Management did not provide any other updates to the diabetes pipeline, but we note that two of ten phase 3 trials for the once-weekly DPP-4 inhibitor MK-3102 have completed recruitment, and that another six are now recruiting. The latest primary completion date listed is now July 2016 (with the exception of the cardiovascular outcomes trial, whose completion date is 2017) – this timeline makes a mid-to-late-2017 approval possible, should all go well. No updates were provided on SmartCells, Merck’s interest in the GPR40 mechanism, or Merck’s candidate for the treatment of painful diabetic neuropathy MK-6095.



  • In 1Q13, sales of the Januvia franchise totaled $1.3 billion, down 1.4% as reported (up 1% operationally), the first negative YOY growth in the franchise’s history. Prior to 1Q13, the franchise’s weakest YOY growth was 15.4% in 3Q12. Sequentially, the franchise’s revenue decreased 18.5%; this was also the franchise’s weakest sequential growth result. Similar to YoY results prior to 1Q13, the franchise’s weakest sequential growth was a negative 6% in 3Q12.

  • As a reminder, the franchise’s sequential growth is impacted by its payment schedule in Japan. Merck records $100 million in sales from its Japanese co-marketing partner Ono Pharmaceutical only in 2Q and 4Q. Thus, Merck overstates revenue every 2Q and 4Q, and understates revenue for 1Q and 3Q. The ~$100 million difference between 1Q13 and 4Q12 resulting from this payment schedule accounts for about one-third of the $293 million reduction in sales seen between 4Q12 and 1Q13. Had this $100 million been evenly distributed between the two quarters (i.e., an additional $50 million being reported in 1Q13 and $50 million less being reported in 4Q12), the sequential decline would have been 14% (rather than the 18% posted).

  • The decline in the Januvia franchise’s worldwide franchise sales stemmed largely from slower sales in the US. Domestic Januvia franchise sales of $659 million declined 5.2% YOY and dropped 18.2% sequentially. Similar to the franchise’s worldwide trends, 1Q13’s YOY drop was the first negative growth reported to date; prior to 1Q13, the weakest YOY growth had been ~12.0%, observed in both 2Q10 and 4Q10.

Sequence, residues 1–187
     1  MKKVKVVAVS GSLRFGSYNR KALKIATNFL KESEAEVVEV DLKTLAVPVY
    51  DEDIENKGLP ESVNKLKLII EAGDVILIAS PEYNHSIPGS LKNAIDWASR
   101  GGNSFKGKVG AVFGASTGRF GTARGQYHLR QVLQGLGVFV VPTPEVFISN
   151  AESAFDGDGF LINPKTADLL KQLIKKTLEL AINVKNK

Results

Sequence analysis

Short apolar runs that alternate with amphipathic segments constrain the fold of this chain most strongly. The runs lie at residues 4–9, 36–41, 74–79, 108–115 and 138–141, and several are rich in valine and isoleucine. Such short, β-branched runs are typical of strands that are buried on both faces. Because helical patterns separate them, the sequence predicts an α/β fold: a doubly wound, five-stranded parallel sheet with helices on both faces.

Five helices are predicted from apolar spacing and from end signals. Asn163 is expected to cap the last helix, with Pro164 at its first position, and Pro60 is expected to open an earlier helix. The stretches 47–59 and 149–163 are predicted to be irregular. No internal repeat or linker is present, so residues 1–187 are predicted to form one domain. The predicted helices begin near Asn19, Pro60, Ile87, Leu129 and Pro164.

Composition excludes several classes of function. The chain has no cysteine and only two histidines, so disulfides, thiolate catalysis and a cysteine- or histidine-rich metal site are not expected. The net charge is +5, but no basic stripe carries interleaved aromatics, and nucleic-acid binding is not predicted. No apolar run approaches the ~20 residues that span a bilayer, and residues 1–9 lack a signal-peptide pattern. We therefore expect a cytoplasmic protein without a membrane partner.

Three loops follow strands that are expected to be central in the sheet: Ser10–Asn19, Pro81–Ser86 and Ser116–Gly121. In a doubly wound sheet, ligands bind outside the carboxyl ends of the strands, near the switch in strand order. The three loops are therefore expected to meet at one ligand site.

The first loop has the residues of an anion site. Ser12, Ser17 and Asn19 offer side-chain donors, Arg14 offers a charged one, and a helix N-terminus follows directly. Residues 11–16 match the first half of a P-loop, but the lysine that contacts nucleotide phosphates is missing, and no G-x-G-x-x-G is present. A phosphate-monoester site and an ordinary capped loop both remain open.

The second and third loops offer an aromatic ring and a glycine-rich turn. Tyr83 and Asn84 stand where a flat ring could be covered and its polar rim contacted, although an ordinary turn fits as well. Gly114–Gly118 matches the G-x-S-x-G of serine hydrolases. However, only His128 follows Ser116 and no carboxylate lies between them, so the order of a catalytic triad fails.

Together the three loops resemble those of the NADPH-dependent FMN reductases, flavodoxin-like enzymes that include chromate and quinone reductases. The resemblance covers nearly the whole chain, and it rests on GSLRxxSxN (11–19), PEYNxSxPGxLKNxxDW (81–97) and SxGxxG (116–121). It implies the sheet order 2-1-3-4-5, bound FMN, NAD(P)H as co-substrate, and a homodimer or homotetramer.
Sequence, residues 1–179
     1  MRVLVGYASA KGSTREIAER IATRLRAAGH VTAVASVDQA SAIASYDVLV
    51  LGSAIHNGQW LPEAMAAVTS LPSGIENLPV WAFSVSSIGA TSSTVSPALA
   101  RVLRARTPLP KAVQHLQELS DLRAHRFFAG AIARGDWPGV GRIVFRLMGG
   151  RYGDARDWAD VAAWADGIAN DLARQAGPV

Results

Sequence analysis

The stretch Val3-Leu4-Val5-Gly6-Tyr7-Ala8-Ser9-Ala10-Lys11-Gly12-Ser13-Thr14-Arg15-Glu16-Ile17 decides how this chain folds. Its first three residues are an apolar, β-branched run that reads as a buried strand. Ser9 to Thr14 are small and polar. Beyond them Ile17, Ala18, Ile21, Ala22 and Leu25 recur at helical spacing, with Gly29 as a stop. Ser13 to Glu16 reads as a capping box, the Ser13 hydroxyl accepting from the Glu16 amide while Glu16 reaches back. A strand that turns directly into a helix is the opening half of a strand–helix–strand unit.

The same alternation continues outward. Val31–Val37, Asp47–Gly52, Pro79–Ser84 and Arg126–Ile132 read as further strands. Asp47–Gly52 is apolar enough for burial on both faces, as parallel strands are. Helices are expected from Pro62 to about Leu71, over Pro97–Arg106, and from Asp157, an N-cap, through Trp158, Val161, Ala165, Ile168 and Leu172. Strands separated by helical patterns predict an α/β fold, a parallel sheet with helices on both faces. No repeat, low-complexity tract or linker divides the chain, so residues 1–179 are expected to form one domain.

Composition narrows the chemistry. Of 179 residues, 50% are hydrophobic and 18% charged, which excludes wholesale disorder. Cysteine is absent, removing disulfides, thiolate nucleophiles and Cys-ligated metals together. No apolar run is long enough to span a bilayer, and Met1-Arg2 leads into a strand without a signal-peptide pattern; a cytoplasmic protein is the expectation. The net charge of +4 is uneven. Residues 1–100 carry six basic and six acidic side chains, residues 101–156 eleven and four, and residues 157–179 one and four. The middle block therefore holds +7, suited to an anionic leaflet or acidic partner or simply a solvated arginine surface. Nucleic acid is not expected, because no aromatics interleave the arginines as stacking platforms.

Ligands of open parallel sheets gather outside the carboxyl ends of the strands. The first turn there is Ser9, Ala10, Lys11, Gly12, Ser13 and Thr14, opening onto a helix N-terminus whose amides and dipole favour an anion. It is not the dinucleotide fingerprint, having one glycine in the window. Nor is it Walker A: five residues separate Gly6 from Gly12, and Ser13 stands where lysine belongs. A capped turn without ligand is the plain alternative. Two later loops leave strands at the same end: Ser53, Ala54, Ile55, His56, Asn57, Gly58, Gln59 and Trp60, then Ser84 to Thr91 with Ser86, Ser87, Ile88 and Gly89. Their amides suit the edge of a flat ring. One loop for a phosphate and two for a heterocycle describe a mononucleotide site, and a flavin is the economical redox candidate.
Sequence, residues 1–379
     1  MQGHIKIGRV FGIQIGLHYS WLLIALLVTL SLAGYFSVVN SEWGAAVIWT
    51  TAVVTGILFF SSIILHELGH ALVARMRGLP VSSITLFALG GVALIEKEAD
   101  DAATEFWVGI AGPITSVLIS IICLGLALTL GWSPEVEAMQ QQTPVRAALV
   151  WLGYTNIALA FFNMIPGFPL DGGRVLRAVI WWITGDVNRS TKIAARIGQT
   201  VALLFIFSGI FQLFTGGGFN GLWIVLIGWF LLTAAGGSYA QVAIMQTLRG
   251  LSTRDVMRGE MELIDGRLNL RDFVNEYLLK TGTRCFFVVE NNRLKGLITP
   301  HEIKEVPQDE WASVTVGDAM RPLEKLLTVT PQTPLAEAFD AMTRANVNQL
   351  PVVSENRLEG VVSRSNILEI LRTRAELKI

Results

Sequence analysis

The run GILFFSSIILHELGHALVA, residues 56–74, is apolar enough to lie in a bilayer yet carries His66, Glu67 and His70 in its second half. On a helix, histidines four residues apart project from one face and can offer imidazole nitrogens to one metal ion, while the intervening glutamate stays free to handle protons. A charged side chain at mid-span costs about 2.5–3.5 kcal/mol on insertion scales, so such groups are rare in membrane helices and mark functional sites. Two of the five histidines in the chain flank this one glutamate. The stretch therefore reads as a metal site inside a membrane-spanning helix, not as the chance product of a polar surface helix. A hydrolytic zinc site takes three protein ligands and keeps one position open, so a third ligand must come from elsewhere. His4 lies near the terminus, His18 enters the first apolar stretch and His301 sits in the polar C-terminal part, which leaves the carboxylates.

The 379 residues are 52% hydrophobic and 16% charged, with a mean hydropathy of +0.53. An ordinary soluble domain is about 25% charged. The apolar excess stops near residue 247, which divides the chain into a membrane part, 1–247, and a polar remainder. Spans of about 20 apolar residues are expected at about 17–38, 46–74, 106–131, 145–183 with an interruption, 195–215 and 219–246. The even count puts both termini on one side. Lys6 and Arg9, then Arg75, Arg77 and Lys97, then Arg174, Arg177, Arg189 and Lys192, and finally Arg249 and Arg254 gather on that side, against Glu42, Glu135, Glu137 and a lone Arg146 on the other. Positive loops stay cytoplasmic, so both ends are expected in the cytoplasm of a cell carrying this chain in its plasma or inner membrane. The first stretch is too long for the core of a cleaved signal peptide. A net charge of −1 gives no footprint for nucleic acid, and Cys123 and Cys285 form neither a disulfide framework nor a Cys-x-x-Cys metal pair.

• Management cited three factors to explain the drop in domestic revenue: 1) weakening growth in demand, 2) increasing price competition, and 3) their customers making a ~$70 million inventory reduction. Management expressedconfidence that the franchise’s domestic sales will improve; however, they guided for YOY rebounding (over an undefined time period) to mid-single digits, opposed to the ~18% domestic growth seen the last two years.

    • Demand for Januvia has is not growing as rapidly as it had about one year ago following growing concerns over thiazolidinedione’s safety, according to Merck. Januvia prescription growth was ~4% during 1Q13, which Merck stated was significantly, lower than demand growth in 1H12 (Merck did not disclose absolute script numbers). Management explained during Q&A that this was a challenging comparison since around this time last year, Januvia Rx growth was between 11-16% as increasing concerns over TZDs’ safety prompted greater Januvia uptake. In 1Q13, there was less TZD share to erode and its Rx growth was closer to the 8% and 9% growth that the franchise was experiencing before “the TZD opportunity,” which was also from a lower base.

    • Price competition in the US caused Merck to put forward additional discounting and rebates. Management stated that Merck increased its price consistent with the market; however, they explained that their “new competitors” are offering more rebates in an attempt to improve their formulary positions. Merck has maintained its “very strong” managed care access, with about 85% preferred formulary status. Despite the market being “very competitive,” the Januvia franchise still has ~75% of the US DPP-4 inhibitor market albeit likely at a lower average selling price.

    • Inventory reductions of ~$70 million during 1Q13 caused Januvia wholesalers’ inventories in the US to be at their lowest in about two years and had a significant impact on the franchise’s bottom line, according to management. Had Merck’s customers not made these reductions, Januvia’s YOY growth would have been ~5% (which still would have been a record low for the franchise) and its sequential drop would have been ~9%. Management hypothesized that the reductions were a one- time adjustment by wholesalers who had overestimated Rx demand growth based on the acceleration seen after TZD safety concerns arose. Merck believes that the current levels can consistently supply the market and does not expect there to be an inventory bump in the future.